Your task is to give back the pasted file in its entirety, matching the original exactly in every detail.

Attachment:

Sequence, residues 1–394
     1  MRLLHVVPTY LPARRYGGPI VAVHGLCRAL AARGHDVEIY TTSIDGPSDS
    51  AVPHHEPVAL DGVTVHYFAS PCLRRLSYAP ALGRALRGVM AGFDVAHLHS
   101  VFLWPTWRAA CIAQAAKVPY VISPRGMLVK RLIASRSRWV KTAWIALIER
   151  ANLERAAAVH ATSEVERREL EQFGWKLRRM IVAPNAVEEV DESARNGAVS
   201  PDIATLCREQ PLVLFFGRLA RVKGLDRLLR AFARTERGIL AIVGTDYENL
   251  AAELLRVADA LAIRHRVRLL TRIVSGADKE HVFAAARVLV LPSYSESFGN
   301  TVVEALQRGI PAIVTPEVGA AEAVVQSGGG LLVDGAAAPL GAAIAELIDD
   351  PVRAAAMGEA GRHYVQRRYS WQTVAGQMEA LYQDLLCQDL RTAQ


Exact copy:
Sequence, residues 1–394
     1  MRLLHVVPTY LPARRYGGPI VAVHGLCRAL AARGHDVEIY TTSIDGPSDS
    51  AVPHHEPVAL DGVTVHYFAS PCLRRLSYAP ALGRALRGVM AGFDVAHLHS
   101  VFLWPTWRAA CIAQAAKVPY VISPRGMLVK RLIASRSRWV KTAWIALIER
   151  ANLERAAAVH ATSEVERREL EQFGWKLRRM IVAPNAVEEV DESARNGAVS
   201  PDIATLCREQ PLVLFFGRLA RVKGLDRLLR AFARTERGIL AIVGTDYENL
   251  AAELLRVADA LAIRHRVRLL TRIVSGADKE HVFAAARVLV LPSYSESFGN
   301  TVVEALQRGI PAIVTPEVGA AEAVVQSGGG LLVDGAAAPL GAAIAELIDD
   351  PVRAAAMGEA GRHYVQRRYS WQTVAGQMEA LYQDLLCQDL RTAQ